Since the Second World War, the technological and economic growth of western nations has lead to the almost universal exposure of other cultures around the globe to western culture. Indeed, the culture of the west is propounded by many in the west to be “of universal validity” (Mazrui 2000), which can result in a form or “ethical imperialism” according to Donaldson (1996). Although western organisations are beginning to understand the problems associated with trying to universally apply western cultural values, it remains a problem for subsidiaries of western companies operating in the third world (Donaldson 1996).
Arguments by non-western cultures against the view of the universal validity of western values b the local cultures have invariably been dismissed in the West (Pohl 1999), particularly when issues such as royalties for western intellectual property rights and patents are at issue. These arguments being seen as simply an attempt by developing nations to stem the flow of royalties to the West. Cultures are different and it should come as no surprise when the application of western values outside of the West have unforeseen consequences (Harris 1998).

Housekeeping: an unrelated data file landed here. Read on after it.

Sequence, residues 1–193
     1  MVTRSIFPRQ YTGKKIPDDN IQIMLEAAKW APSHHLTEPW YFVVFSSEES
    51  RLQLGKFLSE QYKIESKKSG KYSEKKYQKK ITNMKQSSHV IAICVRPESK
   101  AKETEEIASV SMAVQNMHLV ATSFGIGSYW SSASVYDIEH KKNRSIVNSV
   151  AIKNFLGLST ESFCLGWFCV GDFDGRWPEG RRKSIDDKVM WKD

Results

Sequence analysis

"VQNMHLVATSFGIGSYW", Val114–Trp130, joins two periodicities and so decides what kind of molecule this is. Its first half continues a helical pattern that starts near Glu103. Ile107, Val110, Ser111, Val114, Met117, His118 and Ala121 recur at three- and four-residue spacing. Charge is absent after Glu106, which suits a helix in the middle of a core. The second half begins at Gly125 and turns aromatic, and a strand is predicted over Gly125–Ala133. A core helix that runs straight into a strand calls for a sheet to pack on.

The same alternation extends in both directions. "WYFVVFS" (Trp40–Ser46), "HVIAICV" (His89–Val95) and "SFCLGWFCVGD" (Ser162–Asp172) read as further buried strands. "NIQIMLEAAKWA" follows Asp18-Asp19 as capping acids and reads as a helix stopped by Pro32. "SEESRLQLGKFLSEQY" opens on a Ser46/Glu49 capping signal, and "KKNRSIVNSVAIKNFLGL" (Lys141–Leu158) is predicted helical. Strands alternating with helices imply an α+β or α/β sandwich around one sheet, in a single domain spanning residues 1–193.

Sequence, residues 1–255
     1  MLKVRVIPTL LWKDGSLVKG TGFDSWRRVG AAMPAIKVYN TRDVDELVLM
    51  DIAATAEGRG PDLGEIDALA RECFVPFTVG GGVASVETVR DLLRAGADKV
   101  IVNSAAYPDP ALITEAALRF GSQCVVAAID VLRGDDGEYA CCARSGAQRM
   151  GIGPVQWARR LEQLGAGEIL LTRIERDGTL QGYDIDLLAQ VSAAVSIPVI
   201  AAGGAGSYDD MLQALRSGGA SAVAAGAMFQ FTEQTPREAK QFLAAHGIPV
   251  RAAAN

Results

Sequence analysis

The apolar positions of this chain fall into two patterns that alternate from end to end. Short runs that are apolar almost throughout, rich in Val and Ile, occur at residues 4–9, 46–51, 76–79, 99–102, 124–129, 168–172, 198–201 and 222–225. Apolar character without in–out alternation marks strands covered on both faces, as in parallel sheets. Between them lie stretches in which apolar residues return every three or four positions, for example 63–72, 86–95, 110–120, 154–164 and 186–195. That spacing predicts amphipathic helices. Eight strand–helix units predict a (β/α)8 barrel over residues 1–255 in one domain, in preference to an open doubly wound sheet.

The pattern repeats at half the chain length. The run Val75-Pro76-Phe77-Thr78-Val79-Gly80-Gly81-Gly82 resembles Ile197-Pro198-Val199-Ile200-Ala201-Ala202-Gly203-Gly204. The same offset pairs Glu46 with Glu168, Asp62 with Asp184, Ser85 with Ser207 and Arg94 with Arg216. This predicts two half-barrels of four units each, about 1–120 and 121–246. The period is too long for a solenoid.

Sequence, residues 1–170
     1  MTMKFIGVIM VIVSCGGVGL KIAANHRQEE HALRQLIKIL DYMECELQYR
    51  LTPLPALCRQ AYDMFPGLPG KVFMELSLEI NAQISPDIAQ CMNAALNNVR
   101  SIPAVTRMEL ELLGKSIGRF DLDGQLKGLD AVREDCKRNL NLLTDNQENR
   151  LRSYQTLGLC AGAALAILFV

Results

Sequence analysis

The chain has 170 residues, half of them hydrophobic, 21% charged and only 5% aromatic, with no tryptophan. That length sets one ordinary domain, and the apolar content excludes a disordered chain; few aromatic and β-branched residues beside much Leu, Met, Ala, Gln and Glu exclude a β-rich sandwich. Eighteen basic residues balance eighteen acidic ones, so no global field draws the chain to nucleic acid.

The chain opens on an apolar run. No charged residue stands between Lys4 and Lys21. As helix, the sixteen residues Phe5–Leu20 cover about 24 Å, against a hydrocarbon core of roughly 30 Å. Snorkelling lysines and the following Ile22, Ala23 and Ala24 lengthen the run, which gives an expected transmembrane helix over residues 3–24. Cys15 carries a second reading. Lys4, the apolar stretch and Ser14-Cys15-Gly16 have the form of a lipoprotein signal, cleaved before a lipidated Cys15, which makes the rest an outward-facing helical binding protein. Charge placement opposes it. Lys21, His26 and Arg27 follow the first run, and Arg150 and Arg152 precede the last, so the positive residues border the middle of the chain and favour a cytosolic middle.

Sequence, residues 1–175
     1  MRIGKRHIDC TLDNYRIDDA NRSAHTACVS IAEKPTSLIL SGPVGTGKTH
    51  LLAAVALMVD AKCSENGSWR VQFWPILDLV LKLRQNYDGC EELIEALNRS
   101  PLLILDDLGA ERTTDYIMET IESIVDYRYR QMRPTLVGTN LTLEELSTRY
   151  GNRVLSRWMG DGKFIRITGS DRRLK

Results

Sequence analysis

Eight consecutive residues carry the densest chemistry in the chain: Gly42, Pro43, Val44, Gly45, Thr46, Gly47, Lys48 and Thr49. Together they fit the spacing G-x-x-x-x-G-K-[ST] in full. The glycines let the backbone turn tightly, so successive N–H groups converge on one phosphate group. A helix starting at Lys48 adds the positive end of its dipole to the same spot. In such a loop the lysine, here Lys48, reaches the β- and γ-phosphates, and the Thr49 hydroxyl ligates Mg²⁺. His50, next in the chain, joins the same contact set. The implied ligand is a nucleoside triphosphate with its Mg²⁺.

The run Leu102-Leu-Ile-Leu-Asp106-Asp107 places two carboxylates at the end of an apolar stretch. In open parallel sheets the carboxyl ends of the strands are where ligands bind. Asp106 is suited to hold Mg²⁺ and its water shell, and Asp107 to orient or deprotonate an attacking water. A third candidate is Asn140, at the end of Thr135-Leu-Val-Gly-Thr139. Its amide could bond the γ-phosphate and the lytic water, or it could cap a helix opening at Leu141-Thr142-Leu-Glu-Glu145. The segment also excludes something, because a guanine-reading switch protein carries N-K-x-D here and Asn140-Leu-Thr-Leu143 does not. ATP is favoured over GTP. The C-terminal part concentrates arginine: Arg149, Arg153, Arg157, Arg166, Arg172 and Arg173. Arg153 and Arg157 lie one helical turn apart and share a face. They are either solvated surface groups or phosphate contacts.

Donaldson (1999) cites the example of a manager of the Chinese subsidiary of a U. S. firm who, following the policies of the parent company, turned over an employee caught stealing to the local authorities – who then executed him. The manager was following policy “imported” from the western parent company and based on western ethical and social values. It is unlikely that the U. S. parent firm would sanction the execution of an employee for petty theft. The company policy was therefore not appropriate for the culture in which it was applied. Relativism can, however, be taken to extremes.
A purely philosophical case for relativism could successfully argue that there are no absolute values – “anything goes”. Lenarcic (1999) proposes that morals and ethics are purely “learned” concepts, another contribution to the “Nature versus Nurture” debate. This centres around the question of whether genetic factors (“Nature”) or environmental factors (“Nurture”) are fundamental in shaping the physical and psychological make-up of an individual. If the environment significantly shapes cultural values and ethics, then there is little chance of convergence of ethical values because of the diversity of social environments around the globe.
Consequently; it is unlikely that there can be a single code of ethics for the IT professional that will be universally valid across the world today – unless that code is conceptual in nature. However, Donaldson (1996), on the other hand, argues that there are some “fundamental values that cross cultures” and that “some activities are wrong no matter where they take place”. It may therefore be possible to define a set of ethical values that can be applied universally, so long as the definitions are sufficiently broad, so as to allow for cultural variation. This is the focus of the remainder of this paper.